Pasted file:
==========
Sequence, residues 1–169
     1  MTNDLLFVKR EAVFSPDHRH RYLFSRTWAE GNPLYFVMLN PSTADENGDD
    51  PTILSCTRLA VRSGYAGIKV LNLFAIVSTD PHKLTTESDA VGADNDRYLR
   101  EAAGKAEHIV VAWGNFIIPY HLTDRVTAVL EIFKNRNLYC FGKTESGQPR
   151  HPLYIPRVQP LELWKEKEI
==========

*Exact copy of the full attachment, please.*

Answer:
Sequence, residues 1–169
     1  MTNDLLFVKR EAVFSPDHRH RYLFSRTWAE GNPLYFVMLN PSTADENGDD
    51  PTILSCTRLA VRSGYAGIKV LNLFAIVSTD PHKLTTESDA VGADNDRYLR
   101  EAAGKAEHIV VAWGNFIIPY HLTDRVTAVL EIFKNRNLYC FGKTESGQPR
   151  HPLYIPRVQP LELWKEKEI